Since the horrendous Tohoku earthquake and tsunami disaster of 2011, social media must be working up its appetite a lot to boost tourism in Japan. Over 2,000,000 visitors have been flocking the country every month in the past year, with more than 3.5% increase since the catastrophe. With the imminent arrival of the Tokyo Olympics in 2020, Japan has been waving its flag more aggressively to tourism agencies everywhere to project its desired image of beauty and safety consistently.
Tokyo has always been regarded as the bubbling capital of overflowing energy, chaos, disarray, and sometimes, animated euphoria — nothing but closely-knit buildings, too many trains, commuters, and high-strung technology, they say. Fortunately, this is not completely true. Statistics reveal that in 2017 the total area of urban parks in the Tokyo metropolis covers about 7,802 hectares, with over 8,000 locations.
During springtime popular cherry blossom viewing spots, such as the Imperial Palace garden, Meguro river, Chidorigafuchi River Park, Shinjuku Gyoen Park, Kinuta Park and many more are filled with crawling flora enthusiasts, unmindful of the flurry but eager to join the merriment. Some of the historic palaces, temples and shrines are themselves surrounded by picturesque gardens, such as the Nezu Shrine in the Bunkyo ward, which is often sidestepped by visitors.
Nezu Shrine is considered, however, to be one of the oldest, most beautiful, and most important shrines in Tokyo, dating as far back as 1706 when it was rebuilt in its present location. It is known to have been founded in the 1st century by Prince Ōsu, son of Emperor Keikō. Since its relocation to the Sendagi district in Bunkyo ward by the fifth shogun of the Tokugawa dynasty, the shrine has been devoted to the gods of the sea and storm.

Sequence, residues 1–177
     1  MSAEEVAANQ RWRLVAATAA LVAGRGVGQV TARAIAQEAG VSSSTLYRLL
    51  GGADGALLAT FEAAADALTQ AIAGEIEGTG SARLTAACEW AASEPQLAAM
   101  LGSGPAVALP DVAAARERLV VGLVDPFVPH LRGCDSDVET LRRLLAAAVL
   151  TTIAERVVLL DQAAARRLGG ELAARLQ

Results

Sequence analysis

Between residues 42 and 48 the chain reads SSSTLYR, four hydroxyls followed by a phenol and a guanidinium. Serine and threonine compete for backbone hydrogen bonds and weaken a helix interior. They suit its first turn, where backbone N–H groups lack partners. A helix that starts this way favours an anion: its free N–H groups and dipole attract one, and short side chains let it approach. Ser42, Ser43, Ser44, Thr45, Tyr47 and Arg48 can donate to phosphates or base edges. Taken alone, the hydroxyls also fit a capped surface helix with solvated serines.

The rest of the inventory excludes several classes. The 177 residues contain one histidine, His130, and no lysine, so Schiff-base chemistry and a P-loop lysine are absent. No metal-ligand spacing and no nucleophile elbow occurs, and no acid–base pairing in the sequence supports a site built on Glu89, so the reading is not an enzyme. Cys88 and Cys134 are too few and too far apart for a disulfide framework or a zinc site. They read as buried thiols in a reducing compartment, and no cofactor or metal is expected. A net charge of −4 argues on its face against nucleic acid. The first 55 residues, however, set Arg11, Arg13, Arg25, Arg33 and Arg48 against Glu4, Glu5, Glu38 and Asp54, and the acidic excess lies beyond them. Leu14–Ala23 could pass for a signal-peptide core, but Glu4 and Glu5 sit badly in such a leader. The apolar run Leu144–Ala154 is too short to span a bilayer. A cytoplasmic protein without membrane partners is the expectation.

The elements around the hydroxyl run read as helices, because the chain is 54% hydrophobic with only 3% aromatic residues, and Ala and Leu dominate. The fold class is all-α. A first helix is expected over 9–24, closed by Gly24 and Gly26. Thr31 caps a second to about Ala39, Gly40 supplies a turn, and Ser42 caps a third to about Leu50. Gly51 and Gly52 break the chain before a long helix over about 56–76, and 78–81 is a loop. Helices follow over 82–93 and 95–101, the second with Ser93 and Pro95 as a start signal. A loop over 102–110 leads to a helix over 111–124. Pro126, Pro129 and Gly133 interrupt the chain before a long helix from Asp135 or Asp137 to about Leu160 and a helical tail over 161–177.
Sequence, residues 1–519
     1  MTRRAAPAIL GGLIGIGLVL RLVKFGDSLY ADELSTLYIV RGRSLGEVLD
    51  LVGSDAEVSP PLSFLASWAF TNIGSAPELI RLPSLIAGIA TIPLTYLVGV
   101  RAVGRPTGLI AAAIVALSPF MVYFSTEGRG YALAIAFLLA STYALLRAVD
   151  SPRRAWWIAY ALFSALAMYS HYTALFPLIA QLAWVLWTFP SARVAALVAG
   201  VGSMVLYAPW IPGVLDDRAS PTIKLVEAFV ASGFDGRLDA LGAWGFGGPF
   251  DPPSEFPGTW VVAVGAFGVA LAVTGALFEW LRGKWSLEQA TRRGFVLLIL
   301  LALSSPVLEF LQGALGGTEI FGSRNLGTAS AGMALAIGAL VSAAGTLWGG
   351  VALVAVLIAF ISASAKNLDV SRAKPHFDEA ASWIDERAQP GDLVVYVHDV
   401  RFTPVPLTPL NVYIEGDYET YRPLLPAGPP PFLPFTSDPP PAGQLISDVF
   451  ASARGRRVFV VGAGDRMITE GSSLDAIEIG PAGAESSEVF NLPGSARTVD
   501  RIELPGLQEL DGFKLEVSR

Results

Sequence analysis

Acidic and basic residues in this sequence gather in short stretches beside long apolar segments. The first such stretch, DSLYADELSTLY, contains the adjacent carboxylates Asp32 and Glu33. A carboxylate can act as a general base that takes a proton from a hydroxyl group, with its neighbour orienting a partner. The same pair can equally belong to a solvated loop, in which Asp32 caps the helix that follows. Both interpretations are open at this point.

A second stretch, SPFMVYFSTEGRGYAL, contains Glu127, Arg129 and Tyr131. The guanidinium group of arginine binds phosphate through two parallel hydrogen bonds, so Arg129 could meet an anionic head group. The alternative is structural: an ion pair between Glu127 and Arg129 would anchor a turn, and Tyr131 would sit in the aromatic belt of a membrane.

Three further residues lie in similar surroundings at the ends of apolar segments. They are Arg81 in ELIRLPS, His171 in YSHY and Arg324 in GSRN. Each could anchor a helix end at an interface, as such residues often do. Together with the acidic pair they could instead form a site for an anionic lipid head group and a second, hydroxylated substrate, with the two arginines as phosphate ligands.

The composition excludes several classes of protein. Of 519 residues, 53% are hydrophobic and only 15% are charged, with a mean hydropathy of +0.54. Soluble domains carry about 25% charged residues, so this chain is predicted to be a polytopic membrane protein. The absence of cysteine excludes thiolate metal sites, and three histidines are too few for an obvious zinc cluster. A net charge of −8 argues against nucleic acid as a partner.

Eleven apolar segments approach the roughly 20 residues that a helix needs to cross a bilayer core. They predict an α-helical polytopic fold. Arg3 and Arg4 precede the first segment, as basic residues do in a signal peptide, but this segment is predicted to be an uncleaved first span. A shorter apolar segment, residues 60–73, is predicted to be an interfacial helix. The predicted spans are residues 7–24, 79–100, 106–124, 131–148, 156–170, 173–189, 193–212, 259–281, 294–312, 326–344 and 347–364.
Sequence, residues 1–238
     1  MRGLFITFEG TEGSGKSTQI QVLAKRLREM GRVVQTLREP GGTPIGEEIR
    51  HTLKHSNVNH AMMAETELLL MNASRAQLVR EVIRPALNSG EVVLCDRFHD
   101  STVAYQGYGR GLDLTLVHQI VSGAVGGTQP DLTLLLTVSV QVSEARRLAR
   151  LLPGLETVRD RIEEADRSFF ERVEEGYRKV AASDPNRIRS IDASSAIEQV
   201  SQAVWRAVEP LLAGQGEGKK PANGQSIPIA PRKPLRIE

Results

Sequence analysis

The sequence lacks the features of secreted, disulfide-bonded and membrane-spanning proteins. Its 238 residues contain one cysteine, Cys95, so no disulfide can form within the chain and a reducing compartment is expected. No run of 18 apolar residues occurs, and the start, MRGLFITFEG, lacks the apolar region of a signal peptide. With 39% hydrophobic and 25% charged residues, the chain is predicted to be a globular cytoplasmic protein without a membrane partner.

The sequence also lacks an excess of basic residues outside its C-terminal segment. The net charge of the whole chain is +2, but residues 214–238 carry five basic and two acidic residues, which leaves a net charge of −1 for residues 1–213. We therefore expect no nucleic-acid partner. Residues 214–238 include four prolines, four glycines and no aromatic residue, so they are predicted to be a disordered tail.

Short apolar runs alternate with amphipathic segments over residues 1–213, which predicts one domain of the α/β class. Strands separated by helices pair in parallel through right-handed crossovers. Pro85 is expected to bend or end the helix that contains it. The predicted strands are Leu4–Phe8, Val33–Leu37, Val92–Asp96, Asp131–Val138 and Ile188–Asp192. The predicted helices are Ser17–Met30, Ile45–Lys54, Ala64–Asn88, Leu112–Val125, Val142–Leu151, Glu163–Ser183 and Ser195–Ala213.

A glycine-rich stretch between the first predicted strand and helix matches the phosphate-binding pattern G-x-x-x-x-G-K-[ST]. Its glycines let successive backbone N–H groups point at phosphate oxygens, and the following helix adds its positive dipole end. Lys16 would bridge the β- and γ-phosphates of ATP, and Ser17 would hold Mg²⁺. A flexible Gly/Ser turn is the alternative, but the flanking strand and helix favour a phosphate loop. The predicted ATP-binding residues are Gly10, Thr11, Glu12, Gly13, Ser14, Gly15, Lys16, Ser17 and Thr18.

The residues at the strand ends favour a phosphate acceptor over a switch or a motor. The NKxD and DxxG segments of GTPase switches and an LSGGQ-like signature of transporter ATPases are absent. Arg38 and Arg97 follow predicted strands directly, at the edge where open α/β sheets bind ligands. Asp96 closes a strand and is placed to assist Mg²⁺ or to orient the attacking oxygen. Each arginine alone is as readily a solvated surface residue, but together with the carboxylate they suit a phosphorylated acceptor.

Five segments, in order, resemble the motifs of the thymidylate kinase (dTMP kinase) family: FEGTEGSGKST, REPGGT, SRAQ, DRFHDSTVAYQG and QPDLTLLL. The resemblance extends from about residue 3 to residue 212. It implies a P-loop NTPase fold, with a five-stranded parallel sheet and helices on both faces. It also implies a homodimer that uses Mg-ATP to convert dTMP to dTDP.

The distinct architecture of the cultural property is quite typical of the Shinto architecture identified, for instance, by the corridor of the red “tori” gates found beyond the pond going uphill to the azalea bushes. The placement of the bright red gates in a curvature is itself very appealing, both visually and spiritually, as though one passes through a pilgrimage tunnel. Another stone gate, the “romon” stands between the bridge and the “honden” main shrine building, where you can grasp a panoramic view of the entire grounds from above.
The principal walls and gates leading to the main shrine, though not bearing particularly unusual features of Japanese shrine architecture, nevertheless, impress beautiful lattice windows and painted figures and symbols above the pillars.
However, particularly during its spring flower festival between April and May, Nezu Shrine is most visited for its spectacular azalea garden. Just after passing through the winding path of red gates, on the right sits, perhaps, the most breathtaking landscape of colorful azalea blooms in Tokyo. This 300-year-old garden paradise boasts of about 6,600 square meters of approximately 3,000 azalea plants of 100 species, in varying hues of pink, orange, purple, white, green, yellow and blue Rhododendron dilatatum, kiusianum, tosaense, japonicum, and macrosepalum species and more.
The hilly pathway around the bushes allows you to stroll leisurely while stooping over or gazing upwards the blossoms on the perfect landscaping that is terraced on several levels. You can stand for hours admiring the scenery from different angles, whether in front, behind or on your sides. Further to the right end of the path an ideal spot will provide you an awesome glimpse of the shrine gate and “myōjin”-styled building. As you descend down to ground level, the charming bridge and the pond of carps against the mushroom-shaped bushes add that soft sketch of traditional Japanese garden scenery.
During the festival period, there are also typical street food stalls serving fried noodles, grilled fish, rice dumplings on sticks, and other delicacies, plus handicraft toys and traditional products. The night atmosphere is equally vibrant with the orange lanterns lit along the pathways.
It is a relief to discover the moderate balance of urbanism and naturalism in this congested capital, where in today’s digitized lifestyle, a return to the simplest and purest existence of natural beauty is, indeed more than gratifying.